- Artificial intelligence and machine learning will reduce the need for IT security expertise. -0.50
- It is difficult or impossible to allocate the time and resources to patching vulnerabilities because it leads to costly business disruptions and downtime. -0.41
- Insider threats are costlier to detect and contain than external attacks. -0.27
- Nation state attacks are mainly a threat for government organizations. -0.24
- Security intelligence tools provide too much information to be effective in investigating threats. -0.21
Discussion — the state of cybersecurity
Senior management believes in the importance of the IT security function. Sixty-one percent of respondents say their senior management does not think IT security is strictly a tactical activity that reduces its importance in the eyes of senior management. Respondents concur that IT security in their organization is considered a strategic imperative.
Companies face a shortage of skilled and competent in-house staff. According to another Ponemon Institute study , 70 percent of chief information security officers and other IT security professionals surveyed say a lack of competent in-house staff is what they worry about most when trying to defend their companies against cyberattacks. Further, 65 percent of these respondents say the top reason they are likely to have a data breach is because they have inadequate in-house expertise.
Are tensions between the IT and IT security function diminishing the security of organizations? Fifty-six percent of respondents agree that there is tension between IT security and IT operations because of a lack of alignment of their different priorities. Specifically, IT operations is more concerned with the organization’s business objectives and IT security is focused on securing the enterprise from cybersecurity threats.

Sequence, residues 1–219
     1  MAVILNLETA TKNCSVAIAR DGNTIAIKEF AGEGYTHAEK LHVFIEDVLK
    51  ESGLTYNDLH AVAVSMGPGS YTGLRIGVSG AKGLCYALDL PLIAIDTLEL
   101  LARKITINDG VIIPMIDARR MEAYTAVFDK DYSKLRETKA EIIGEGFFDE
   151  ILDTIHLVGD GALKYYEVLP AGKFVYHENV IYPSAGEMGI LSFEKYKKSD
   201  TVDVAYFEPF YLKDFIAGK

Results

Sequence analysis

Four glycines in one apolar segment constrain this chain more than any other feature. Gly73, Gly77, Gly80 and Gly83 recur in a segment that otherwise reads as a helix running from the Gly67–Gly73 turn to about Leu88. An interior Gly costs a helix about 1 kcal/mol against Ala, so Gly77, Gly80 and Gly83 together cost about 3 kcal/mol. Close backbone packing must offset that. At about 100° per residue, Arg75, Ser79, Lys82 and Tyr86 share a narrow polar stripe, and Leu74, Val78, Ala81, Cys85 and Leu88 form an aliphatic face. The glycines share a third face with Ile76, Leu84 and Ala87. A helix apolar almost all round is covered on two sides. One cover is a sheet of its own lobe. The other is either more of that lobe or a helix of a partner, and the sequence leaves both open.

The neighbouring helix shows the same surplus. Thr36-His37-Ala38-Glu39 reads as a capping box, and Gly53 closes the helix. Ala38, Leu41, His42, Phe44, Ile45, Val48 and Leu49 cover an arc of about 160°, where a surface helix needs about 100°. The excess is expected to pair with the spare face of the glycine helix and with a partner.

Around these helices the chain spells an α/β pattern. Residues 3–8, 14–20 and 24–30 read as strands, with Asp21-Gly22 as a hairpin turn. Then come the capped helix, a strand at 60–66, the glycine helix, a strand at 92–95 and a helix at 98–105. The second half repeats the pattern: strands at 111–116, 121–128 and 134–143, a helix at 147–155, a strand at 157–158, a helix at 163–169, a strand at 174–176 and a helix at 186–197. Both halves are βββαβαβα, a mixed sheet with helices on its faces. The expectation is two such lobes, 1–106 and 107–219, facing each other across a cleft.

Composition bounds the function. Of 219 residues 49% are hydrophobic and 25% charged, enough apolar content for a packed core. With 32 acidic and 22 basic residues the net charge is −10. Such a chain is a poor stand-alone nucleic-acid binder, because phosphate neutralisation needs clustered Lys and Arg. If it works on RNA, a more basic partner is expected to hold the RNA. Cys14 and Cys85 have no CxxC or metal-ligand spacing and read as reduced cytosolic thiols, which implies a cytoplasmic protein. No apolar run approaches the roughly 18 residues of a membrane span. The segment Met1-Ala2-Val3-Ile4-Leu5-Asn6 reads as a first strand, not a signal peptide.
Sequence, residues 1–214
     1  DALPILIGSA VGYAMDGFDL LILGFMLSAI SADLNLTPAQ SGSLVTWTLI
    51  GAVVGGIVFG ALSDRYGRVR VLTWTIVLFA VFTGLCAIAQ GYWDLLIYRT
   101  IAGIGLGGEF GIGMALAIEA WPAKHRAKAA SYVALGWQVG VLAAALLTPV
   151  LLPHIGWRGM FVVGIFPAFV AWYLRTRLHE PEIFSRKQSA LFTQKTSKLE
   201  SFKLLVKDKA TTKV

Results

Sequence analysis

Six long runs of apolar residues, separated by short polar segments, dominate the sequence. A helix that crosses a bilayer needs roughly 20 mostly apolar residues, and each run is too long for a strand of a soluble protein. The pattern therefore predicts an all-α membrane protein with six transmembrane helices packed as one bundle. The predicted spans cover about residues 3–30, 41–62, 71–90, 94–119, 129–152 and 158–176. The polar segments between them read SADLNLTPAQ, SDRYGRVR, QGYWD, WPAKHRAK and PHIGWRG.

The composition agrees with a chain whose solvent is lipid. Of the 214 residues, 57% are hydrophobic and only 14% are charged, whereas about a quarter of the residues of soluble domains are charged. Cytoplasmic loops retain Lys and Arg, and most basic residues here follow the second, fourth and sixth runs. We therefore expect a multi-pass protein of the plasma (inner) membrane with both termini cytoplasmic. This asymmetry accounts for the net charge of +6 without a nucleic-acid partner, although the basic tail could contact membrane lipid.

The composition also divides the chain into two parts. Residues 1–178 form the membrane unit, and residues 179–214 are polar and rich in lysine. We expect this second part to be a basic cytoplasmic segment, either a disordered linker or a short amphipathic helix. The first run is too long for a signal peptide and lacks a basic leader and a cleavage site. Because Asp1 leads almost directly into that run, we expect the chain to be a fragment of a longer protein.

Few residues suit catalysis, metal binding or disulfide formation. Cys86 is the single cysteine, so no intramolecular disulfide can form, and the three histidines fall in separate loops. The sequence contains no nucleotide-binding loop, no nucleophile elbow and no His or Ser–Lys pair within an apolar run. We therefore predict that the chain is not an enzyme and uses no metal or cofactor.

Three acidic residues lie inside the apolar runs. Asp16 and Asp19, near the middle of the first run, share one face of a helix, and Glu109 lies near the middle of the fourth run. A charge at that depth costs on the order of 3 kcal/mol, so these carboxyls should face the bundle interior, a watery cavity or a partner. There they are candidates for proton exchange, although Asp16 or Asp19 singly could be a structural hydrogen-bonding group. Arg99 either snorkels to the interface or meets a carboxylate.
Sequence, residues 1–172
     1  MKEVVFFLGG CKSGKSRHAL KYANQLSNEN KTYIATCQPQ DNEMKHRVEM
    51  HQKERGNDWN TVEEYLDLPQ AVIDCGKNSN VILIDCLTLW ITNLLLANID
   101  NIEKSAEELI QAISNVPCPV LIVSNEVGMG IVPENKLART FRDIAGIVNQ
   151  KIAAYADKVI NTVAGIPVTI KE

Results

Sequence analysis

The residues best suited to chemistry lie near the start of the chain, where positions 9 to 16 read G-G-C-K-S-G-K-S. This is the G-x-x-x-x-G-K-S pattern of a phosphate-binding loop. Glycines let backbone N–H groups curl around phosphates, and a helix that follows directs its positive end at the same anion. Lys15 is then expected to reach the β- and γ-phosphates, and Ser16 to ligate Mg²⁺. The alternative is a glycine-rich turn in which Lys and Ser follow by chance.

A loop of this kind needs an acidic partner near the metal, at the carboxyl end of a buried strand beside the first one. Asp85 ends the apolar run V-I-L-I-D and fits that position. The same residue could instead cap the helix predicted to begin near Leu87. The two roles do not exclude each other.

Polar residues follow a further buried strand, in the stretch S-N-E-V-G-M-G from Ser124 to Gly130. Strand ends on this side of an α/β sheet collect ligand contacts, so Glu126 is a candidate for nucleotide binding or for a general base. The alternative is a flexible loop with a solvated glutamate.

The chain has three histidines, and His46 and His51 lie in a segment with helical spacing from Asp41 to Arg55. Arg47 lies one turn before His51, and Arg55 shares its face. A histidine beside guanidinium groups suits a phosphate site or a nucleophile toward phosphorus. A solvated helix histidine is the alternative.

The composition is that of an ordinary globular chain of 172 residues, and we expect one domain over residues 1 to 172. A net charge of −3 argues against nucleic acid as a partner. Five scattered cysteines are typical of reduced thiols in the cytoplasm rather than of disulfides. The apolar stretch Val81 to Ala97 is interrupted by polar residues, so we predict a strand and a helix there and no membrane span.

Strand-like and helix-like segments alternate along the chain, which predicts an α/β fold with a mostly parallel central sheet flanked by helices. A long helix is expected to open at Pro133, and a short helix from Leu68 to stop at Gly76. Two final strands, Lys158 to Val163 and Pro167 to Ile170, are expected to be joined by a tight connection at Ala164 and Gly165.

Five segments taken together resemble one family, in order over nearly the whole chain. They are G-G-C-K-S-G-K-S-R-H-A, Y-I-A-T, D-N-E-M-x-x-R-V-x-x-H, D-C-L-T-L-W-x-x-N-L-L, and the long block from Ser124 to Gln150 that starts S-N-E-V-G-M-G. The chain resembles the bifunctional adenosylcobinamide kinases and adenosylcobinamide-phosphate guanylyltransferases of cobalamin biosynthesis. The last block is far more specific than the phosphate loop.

However, many respondents believe that despite this tension, IT security and IT operations work closely to make sure resolution and remediation of security problems are completed successfully. Collaboration between these two groups can be improved through the use of tools that bring these two functions closer together and foster teamwork which will benefit the organization as a whole.
Investments in security technologies should be aligned with the overall IT strategy and not lead to complexity. While the priorities of IT security and IT operations are often not in alignment, investments in technologies are consistent with their organizations’ overall IT strategy, according to 60 percent of respondents. However, respondents believe many organizations are suffering from investments in disjointed, non-integrated security products that increase cost and complexity.
Technology investments are often motivated by well-publicized data breaches. Fifty percent of respondents say data breaches that are widely reported in media can influence the decisions to purchase security technologies. While companies may purchase cyber insurance to manage the financial consequences of a data breach, only 34 percent of respondents say such a policy would reduce their investments in security technologies.